The CSM supports sound scientific, engineering, and policy-based decisions. Regardless of the project objectives or phase, a fractured rock CSM must be developed, documented, updated, and its assumptions refined, so that it can be used by project managers, scientists, engineers, regulators, public and tribal stakeholders, and site owners or managers.
1.2 Comparing Unconsolidated Porous Media CSMs and Fractured Rock CSMs
To investigate contamination in fractured rock, the fundamental similarities, differences, and terminologies associated with both fractured rock and unconsolidated systems must be understood. Figure 1-1 illustrates key characteristics for both fractured rock and unconsolidated porous media within three broad disciplines: geology, hydrology, and chemistry. For each discipline, the figure illustrates fractured rock characteristics on the left of each column, and unconsolidated porous media on the right of each column. For example, as shown on the left geology column, the geologic framework of a site must be evaluated. In unconsolidated materials that framework depends on the depositional setting of the sedimentary environment, whereas in bedrock, the lithology and tectonic forces determine the physiography of the geologic terrane.
Figure 1-1 illustrates the investigative scale from macro (physiography or regional scale) at the top of the column to the micro (fabric or grain size) at the bottom of the column. The macro scale investigation informs the next steps in data collection in each of the disciplines. CSM development generally proceeds in each discipline according to the following steps:
- Consider regional rock types and local tectonic forces associated with the formation and fracturing of the bedrock. This information may be found in the published literature and is comparable to the evaluating the depositional environment of unconsolidated materials (such as fluvial, deltaic, marine, and glacial).
- Next, define the specific rock type. Are the rocks competent, weathered, or both, and what are the apparent rock structures and fabric? This analysis is comparable to considering unconsolidated porous media types (gravel, sand, clay) and their associated depositional environment (such as stratigraphy).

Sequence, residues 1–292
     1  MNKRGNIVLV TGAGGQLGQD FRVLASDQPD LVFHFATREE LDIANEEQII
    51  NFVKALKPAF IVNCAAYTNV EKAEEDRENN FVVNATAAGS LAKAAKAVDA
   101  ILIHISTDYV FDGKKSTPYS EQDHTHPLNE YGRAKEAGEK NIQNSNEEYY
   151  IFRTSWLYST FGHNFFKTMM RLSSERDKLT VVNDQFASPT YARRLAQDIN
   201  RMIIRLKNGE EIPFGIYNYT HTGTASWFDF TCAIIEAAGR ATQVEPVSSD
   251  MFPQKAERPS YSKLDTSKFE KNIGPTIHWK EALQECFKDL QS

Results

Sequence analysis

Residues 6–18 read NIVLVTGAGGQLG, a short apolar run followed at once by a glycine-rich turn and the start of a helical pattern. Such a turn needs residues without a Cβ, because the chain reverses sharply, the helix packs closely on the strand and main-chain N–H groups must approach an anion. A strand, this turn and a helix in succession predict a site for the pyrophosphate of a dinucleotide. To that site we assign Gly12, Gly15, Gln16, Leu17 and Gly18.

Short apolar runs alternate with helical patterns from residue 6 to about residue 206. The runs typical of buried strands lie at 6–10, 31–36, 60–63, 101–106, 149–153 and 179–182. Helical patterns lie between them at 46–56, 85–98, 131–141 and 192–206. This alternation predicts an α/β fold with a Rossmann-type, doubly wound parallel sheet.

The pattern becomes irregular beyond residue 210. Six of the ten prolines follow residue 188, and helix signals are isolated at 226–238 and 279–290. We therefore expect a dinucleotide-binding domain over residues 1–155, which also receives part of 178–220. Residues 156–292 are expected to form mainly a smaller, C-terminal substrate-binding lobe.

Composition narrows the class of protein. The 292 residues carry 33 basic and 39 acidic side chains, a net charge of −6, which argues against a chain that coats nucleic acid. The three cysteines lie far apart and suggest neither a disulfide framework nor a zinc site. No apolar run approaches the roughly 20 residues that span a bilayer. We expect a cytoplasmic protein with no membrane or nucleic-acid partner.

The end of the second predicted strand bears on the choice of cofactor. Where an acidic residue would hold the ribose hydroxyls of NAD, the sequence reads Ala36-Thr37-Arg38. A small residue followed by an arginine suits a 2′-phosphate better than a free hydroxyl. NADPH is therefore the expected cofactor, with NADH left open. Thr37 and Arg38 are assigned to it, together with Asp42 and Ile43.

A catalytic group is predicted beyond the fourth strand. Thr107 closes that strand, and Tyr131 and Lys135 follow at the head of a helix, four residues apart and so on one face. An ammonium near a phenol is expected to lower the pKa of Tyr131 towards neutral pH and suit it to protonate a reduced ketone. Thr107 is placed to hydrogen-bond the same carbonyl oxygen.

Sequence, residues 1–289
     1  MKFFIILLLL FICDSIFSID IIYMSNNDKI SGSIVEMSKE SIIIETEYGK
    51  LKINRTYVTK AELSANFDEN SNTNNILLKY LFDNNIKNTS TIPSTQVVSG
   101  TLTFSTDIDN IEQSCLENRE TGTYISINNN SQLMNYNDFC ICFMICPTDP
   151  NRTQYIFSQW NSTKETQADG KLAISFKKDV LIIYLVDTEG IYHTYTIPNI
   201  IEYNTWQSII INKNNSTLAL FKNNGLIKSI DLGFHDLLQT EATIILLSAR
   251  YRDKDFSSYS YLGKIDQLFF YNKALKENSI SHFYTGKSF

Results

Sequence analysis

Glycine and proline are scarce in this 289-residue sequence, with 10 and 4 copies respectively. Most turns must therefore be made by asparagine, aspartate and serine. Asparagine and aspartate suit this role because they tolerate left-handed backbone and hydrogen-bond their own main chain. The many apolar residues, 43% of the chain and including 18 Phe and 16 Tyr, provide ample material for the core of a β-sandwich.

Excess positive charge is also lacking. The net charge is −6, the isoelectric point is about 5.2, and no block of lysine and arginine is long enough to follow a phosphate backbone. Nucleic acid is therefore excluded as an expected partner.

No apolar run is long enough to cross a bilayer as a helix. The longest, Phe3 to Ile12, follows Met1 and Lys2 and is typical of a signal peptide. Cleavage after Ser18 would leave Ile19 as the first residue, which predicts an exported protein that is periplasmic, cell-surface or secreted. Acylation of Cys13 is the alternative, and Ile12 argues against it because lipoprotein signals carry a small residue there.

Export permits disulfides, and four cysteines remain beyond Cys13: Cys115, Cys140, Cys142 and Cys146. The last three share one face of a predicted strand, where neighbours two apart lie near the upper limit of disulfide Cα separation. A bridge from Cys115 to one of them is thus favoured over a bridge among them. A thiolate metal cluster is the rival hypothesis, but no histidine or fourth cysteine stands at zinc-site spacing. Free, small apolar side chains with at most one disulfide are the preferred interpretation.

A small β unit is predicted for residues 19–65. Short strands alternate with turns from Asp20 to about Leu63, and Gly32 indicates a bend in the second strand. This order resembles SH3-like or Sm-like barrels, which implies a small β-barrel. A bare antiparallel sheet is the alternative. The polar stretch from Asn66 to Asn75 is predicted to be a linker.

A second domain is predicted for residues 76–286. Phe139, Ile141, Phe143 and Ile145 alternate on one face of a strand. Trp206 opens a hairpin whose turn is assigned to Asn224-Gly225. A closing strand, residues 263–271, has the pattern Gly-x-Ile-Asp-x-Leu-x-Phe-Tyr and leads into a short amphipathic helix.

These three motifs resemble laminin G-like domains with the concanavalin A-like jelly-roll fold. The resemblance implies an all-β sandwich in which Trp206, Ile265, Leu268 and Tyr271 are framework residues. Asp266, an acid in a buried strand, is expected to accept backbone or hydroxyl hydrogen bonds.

- After developing the overall fractured rock framework, determine the texture of the bedrock. This step is comparable to gathering information on of grain size distribution within unconsolidated materials.
- Determine the likely regional recharge/discharge boundaries before assessing the individual aquifers.
- Assess fracture patterns and orientation based on various lithologies in the region. This step is comparable to evaluating stratigraphic units in an unconsolidated system.
- Evaluate transmissive units within fractured rock aquifers including fracture orientation, aperture, connectivity, fracture density, planarity or waviness, and roughness. The transmissive units are controlled by lithology, tectonics/structure, and weathering (see Appendix A for karst settings and vesicular basalt).
- Review fractured rock primary porosity primary (rock matrix or micro fractures) and secondary porosity (fractures and partings of all types). This is a significant difference from unconsolidated porous media. With few exceptions (for example, fractured till), primary porosity dominates fluid flow in an unconsolidated porous media.
- Evaluate anisotropy of the system. Fracture flow takes place within a system of interconnected fractures, frequently with a small number of dominant flow and transport pathways. Groundwater flow in unconsolidated porous media is often treated as isotropic, although there can be discrete flow features that are controlled by lithostratigraphic layers and depositional history.
- Determine fluid flow in the fractured rock aquifer. Flow in fractured rock can be Darcian, non-Darcian and channel flow; whereas, flow in the unconsolidated sediments materials is interstitial and usually Darcian.